In his memoir, Frank Clay Jr. shares his life story, along the way presenting life lessons for young people.
Born in Philadelphia in 1955, Clay had a sometimes-difficult childhood. His father drank to excess, his mother taught the kids to shoplift. Gangs, bullies, rats, and foul-tempered cats were part of his life. But so were relatives and others who kept him on the straight and narrow. A grandfather taught him to play checkers. His grandmothers showered him with love. He joined the Cub Scouts and Philadelphia Boys Choir and attended Bible classes.
When Clay got out of school, he joined the Army, rising to the rank of captain. After leaving the military, he earned an MBA and entered corporate America. There, as an African American, he faced more challenges. But, he writes, his perseverance and faith helped him succeed, and he had a distinguished career in sales and the insurance industry and as a speaker, executive coach and entrepreneur.
Clay is a solid writer whose military mindset is obvious: He’s precise, logical and intelligent. The book’s first half flows nicely. But the second half, where he delves into the workings of one particular company, ClayGroup, becomes bogged down with jargon and details about dealing with the government, slowing the pace.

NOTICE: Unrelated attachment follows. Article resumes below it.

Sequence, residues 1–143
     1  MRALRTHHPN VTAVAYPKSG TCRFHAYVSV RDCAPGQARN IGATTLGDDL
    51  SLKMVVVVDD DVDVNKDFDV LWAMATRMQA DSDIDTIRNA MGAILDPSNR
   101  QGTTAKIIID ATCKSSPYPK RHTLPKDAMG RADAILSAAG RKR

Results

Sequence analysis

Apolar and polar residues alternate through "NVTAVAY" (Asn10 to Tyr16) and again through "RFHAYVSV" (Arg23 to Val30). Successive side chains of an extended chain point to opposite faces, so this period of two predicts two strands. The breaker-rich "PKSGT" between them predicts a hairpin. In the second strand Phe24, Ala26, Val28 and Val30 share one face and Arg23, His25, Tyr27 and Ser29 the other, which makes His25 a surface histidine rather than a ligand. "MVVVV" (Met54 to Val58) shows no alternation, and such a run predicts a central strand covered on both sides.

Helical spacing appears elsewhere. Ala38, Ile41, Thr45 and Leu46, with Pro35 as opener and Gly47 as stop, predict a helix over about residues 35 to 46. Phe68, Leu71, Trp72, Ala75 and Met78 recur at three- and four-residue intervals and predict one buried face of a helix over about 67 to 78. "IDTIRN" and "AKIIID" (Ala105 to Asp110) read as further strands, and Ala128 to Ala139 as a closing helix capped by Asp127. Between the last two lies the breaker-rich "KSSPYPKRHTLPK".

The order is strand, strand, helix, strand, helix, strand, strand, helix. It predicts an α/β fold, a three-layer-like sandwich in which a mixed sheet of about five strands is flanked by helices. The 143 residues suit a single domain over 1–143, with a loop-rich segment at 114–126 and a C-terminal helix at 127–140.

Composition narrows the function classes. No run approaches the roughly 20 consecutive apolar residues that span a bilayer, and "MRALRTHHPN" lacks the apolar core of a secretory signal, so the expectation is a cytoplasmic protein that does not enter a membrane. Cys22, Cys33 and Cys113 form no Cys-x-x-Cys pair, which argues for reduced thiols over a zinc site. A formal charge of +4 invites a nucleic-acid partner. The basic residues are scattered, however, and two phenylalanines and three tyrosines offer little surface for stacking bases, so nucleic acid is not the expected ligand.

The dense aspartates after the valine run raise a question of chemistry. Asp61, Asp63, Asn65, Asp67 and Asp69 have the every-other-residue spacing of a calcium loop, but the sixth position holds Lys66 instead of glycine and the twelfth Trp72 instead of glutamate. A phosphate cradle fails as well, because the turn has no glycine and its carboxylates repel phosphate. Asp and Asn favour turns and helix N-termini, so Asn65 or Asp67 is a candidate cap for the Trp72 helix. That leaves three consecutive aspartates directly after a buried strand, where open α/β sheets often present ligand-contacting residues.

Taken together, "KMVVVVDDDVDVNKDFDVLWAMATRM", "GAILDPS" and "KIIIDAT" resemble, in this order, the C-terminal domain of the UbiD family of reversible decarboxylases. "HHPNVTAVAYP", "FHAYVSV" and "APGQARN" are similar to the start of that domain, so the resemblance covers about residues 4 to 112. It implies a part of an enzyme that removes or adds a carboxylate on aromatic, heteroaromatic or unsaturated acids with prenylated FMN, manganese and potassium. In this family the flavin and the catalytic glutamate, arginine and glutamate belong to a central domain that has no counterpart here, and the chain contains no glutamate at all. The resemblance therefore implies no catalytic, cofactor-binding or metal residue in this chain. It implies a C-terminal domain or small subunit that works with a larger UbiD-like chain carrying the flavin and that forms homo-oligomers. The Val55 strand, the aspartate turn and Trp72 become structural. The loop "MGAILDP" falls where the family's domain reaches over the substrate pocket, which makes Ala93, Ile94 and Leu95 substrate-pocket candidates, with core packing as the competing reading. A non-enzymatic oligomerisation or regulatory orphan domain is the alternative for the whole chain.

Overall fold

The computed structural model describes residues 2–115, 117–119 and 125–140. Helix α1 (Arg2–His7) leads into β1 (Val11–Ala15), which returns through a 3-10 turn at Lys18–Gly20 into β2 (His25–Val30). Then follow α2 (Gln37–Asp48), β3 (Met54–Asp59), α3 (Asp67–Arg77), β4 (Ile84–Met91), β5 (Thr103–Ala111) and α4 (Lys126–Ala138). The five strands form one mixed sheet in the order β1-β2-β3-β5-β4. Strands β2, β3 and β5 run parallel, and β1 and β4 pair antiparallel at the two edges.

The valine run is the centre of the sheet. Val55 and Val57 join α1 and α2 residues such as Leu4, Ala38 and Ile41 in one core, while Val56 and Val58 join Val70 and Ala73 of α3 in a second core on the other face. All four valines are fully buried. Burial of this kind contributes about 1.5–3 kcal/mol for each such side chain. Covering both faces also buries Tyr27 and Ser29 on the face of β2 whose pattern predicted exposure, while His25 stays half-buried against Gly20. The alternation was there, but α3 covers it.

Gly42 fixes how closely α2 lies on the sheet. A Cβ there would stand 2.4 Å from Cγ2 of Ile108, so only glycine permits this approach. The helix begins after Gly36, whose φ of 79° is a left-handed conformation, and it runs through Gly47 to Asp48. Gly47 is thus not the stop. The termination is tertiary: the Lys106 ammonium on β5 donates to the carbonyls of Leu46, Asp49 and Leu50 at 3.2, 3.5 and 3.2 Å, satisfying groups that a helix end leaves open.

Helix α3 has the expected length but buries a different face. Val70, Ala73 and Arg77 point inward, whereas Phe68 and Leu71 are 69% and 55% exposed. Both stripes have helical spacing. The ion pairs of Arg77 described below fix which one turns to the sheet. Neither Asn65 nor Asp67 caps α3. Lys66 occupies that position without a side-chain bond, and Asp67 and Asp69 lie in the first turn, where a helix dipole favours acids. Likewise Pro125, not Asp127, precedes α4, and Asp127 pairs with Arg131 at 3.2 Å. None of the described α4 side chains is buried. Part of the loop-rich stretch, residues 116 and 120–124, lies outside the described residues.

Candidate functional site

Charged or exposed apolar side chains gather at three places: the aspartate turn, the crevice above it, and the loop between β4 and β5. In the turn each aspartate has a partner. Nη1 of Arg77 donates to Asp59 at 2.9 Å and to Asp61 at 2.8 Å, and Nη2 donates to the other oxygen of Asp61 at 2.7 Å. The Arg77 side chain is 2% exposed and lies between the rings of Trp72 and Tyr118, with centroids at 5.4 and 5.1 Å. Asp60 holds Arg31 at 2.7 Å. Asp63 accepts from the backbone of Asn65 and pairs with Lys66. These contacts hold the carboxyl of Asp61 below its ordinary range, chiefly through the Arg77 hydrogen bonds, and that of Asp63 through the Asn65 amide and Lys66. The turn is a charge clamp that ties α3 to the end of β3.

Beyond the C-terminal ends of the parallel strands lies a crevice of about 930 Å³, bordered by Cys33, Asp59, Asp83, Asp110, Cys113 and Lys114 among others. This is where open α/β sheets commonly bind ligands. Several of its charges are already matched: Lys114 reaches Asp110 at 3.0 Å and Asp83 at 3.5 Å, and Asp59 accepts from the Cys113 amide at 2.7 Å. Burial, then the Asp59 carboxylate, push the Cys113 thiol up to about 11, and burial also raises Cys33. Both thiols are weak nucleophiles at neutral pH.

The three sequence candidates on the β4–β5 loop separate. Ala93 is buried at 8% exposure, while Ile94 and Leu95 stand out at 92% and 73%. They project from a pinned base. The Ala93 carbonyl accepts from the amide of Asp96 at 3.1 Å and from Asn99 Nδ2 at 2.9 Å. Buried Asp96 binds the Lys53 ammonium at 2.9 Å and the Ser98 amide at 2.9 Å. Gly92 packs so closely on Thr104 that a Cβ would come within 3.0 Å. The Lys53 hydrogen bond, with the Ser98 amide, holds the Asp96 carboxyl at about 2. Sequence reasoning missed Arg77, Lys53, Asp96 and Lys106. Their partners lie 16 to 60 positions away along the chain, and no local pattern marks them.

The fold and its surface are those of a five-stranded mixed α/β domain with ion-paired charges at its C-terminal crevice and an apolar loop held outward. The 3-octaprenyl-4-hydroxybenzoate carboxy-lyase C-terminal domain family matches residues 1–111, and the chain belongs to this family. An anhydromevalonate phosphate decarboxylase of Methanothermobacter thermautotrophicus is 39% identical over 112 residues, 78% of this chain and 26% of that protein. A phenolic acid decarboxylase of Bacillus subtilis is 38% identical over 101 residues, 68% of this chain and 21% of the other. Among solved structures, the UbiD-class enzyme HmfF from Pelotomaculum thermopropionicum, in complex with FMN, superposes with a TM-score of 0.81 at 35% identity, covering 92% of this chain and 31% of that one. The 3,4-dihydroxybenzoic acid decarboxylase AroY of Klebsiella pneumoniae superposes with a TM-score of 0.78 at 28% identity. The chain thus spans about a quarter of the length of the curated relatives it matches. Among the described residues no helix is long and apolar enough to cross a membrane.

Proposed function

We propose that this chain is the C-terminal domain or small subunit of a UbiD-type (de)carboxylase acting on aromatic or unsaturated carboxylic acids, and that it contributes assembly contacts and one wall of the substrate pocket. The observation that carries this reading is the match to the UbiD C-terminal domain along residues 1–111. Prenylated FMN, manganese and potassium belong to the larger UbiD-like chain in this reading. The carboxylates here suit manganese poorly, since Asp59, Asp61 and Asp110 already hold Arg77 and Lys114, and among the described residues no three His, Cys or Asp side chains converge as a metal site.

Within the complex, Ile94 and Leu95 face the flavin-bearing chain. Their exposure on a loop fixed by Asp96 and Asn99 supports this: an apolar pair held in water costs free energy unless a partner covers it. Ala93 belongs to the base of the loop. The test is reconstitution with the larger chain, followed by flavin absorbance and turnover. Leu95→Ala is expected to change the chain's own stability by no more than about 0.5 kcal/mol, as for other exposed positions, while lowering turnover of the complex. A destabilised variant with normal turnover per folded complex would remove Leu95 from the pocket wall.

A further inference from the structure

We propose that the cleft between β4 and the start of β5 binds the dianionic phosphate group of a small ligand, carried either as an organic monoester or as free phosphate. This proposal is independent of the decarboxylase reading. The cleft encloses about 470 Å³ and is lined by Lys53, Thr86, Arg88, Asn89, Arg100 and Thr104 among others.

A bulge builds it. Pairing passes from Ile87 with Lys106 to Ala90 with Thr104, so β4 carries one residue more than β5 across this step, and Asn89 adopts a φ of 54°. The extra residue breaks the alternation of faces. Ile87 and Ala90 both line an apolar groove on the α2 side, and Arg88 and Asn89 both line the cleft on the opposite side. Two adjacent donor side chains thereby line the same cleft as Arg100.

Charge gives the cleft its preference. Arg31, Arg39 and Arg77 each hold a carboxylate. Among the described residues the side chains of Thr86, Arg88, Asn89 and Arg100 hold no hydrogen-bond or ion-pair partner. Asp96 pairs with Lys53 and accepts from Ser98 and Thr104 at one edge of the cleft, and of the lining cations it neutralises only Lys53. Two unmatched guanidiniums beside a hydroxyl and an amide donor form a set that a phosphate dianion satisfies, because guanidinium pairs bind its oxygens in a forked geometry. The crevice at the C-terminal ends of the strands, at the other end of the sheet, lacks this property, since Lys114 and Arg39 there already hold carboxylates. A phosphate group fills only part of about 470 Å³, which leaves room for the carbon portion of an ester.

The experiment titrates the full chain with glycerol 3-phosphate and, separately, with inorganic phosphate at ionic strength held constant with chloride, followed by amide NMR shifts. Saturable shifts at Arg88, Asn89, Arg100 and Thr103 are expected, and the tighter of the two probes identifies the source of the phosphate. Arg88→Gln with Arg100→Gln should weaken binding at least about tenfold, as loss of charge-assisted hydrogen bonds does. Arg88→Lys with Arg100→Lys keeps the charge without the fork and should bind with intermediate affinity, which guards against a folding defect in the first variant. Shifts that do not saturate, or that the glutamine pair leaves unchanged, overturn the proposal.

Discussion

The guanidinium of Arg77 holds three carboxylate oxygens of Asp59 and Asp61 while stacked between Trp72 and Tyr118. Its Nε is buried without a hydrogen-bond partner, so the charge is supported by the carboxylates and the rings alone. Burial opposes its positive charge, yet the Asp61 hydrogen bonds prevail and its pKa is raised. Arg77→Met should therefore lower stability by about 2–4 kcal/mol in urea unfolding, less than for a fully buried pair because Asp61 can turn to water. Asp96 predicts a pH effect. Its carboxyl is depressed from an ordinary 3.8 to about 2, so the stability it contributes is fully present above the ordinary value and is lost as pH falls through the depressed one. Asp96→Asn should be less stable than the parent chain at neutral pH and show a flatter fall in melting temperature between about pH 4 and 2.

In addition, he frequently blames business setbacks or personnel missteps on others. For example, on a business trip to Guinea, he’s accused of bribery and brought before a tribunal; he blames this on an unnamed government official “who had his own agenda.” Another time, he bypasses the chain of command and works on setting up a lucrative deal; he’s baffled when relegated to running a copying machine three days later.
Despite such lapses in self-awareness, Clay has accomplished his stated goal of showing his grandchildren how success can be achieved through faith, commitment, confidence and good work. It’s never easy, he writes, but “I am evidence that it can be done.”
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